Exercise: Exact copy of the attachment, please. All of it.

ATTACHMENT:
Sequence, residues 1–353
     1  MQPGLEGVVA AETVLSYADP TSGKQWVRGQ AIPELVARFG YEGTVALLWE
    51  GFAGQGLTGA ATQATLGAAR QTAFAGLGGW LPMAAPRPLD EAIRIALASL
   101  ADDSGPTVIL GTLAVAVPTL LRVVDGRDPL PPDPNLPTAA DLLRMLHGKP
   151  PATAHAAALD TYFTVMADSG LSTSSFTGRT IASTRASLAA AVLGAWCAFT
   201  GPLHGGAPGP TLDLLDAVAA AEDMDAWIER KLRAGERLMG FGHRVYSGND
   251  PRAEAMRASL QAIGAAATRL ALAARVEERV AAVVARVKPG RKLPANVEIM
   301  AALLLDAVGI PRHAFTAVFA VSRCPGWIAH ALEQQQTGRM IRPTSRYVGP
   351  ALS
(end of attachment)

Sequence, residues 1–353
     1  MQPGLEGVVA AETVLSYADP TSGKQWVRGQ AIPELVARFG YEGTVALLWE
    51  GFAGQGLTGA ATQATLGAAR QTAFAGLGGW LPMAAPRPLD EAIRIALASL
   101  ADDSGPTVIL GTLAVAVPTL LRVVDGRDPL PPDPNLPTAA DLLRMLHGKP
   151  PATAHAAALD TYFTVMADSG LSTSSFTGRT IASTRASLAA AVLGAWCAFT
   201  GPLHGGAPGP TLDLLDAVAA AEDMDAWIER KLRAGERLMG FGHRVYSGND
   251  PRAEAMRASL QAIGAAATRL ALAARVEERV AAVVARVKPG RKLPANVEIM
   301  AALLLDAVGI PRHAFTAVFA VSRCPGWIAH ALEQQQTGRM IRPTSRYVGP
   351  ALS